(Columbus, Ohio – July 14, 2011) Concerned Columbus residents and community groups gathered to protest American Electric Power's (AEP) opposition to the clean air laws that protect the health of families across Ohio.
If AEP is successful at blocking sensible limits on toxic air pollution, as many as 17,000 lives could be lost every year. In response, activists delivered almost 40,000 petition signatures to AEP's headquarters all asking the question:
"How many lives lost is too many? AEP - What's your number?"
The utility giant has been lobbying to block new sensible regulations that would lower the amount of dangerous pollution, like mercury, that power plants can emit. Columbus-area residents at today's rally said they were worried -- and angry – at their electricity providers' actions.
"AEP and their high priced lobbyists wrote draft legislation that would weaken and delay new clean air rules. If passed, it would permit the release of mercury, acid gases and arsenic that would contribute to as many as 17,000 deaths, 110,000 asthma attacks and 850,000 missed work days every single year. We want to know, AEP: what's your number?" Said Andrew Sidsigner, the Columbus Organizer for 350 Ohio.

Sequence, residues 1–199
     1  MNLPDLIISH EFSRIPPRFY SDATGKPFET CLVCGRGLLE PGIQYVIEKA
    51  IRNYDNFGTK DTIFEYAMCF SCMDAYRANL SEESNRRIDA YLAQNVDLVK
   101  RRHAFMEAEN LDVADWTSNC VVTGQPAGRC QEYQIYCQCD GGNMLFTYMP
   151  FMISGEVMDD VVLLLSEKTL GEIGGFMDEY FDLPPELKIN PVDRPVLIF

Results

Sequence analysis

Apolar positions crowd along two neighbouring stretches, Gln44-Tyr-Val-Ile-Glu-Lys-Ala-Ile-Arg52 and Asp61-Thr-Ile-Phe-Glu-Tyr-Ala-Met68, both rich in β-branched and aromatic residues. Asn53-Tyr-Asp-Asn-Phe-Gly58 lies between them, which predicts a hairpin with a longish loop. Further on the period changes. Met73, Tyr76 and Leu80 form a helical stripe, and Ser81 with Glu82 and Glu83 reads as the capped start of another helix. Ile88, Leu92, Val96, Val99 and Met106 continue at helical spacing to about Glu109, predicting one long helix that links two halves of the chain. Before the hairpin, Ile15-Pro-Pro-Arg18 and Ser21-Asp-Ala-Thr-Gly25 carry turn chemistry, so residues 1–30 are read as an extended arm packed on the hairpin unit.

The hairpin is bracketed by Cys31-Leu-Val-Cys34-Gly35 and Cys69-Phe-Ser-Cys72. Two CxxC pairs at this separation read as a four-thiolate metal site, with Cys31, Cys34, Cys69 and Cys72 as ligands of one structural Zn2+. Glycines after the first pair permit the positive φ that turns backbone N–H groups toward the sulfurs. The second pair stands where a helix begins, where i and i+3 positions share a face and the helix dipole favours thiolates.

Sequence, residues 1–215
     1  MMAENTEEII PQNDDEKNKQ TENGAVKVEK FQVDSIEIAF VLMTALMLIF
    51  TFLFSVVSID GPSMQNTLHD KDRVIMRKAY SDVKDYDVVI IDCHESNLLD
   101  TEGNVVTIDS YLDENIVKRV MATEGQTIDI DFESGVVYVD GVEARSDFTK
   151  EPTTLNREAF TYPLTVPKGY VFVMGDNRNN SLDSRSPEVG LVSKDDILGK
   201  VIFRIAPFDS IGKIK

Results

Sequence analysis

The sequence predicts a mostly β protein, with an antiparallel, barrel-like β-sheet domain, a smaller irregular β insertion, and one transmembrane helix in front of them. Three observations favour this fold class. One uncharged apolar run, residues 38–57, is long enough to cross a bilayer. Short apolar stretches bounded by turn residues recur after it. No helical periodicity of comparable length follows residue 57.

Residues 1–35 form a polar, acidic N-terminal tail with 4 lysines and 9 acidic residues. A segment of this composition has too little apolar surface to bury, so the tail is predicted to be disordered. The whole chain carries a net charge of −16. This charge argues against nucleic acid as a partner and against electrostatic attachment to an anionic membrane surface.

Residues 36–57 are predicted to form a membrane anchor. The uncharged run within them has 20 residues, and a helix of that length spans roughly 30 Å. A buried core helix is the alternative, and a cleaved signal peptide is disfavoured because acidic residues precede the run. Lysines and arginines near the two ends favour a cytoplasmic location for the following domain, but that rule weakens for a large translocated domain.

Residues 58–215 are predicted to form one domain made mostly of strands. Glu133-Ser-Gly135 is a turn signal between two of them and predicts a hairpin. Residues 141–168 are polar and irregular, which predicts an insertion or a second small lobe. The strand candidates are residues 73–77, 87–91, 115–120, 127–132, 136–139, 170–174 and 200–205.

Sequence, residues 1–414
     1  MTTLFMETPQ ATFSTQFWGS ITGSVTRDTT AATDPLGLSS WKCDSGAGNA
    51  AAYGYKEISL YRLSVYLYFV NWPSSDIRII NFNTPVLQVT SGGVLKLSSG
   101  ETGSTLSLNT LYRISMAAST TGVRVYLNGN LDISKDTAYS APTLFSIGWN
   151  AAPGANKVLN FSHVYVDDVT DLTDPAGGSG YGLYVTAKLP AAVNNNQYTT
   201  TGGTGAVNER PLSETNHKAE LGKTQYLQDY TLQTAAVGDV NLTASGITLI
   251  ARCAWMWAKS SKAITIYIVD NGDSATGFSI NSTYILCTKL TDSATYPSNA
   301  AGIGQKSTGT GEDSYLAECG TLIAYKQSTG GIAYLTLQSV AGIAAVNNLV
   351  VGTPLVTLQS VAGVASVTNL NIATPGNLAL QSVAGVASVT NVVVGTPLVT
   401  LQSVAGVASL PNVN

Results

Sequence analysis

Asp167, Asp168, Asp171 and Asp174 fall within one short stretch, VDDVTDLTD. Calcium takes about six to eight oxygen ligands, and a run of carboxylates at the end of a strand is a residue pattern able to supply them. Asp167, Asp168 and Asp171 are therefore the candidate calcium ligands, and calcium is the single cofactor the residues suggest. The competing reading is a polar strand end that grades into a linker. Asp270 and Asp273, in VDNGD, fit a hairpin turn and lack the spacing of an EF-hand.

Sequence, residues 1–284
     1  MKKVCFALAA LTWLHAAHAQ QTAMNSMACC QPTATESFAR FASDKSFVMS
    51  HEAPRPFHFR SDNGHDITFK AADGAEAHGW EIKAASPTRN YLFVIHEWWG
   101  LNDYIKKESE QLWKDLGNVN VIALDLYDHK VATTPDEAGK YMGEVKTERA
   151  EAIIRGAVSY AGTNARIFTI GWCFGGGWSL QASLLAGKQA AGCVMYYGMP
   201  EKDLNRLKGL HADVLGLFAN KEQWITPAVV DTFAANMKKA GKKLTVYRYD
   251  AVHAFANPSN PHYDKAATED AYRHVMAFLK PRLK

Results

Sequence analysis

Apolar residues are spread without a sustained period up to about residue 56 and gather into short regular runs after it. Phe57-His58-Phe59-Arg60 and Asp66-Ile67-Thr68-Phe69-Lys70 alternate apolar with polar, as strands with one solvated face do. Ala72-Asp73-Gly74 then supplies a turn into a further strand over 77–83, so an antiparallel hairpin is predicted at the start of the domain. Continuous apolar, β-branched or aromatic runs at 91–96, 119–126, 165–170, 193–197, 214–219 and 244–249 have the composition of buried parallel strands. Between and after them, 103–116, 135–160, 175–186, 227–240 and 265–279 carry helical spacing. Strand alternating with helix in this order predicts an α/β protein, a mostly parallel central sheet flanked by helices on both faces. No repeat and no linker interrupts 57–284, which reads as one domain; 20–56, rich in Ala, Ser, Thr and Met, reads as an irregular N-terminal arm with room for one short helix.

"In 2008, AEP emitted more mercury than any other American utility. This is a serious concern because mercury harms the brains and nervous systems of babies and developing children," said Brian Rothenberg, Executive Director of Progress Ohio. "I'd ask AEP to spend less time lobbying for toxic emissions and more time reducing them," continued Rothenberg.
The rally took place outside of AEP's headquarters in downtown Columbus, near a giant billboard which highlights the number of lives that will be cut short each year by AEP's draft legislation
Power plant pollution also includes other dangerous substances, including ground level ozone and particulate pollution – generally called smog and soot. Those substances trigger asthma attacks and other respiratory problems, and cause the "code orange" and "code red" days when Ohioans are warned to stay indoors because of unhealthy air.
The new clean air rules that AEP is opposing would significantly reduce the amount of those toxins and give all Ohioans healthier air to breathe. Other utilities around the country are already working to lower their pollution levels, while AEP is devoting its resources to opposing clean air rules.
This has been an escalating public education campaign including: local residents uploading viral videos about what they think, several visibility events, door to door efforts, TV ads, and several billboards around Columbus to draw attention to AEP's efforts to block sensible limits to toxic air pollution.
You can learn more about the campaign at www.edf.org/whatsyournumber or on Twitter with the hashtag #WhatsYourNumber.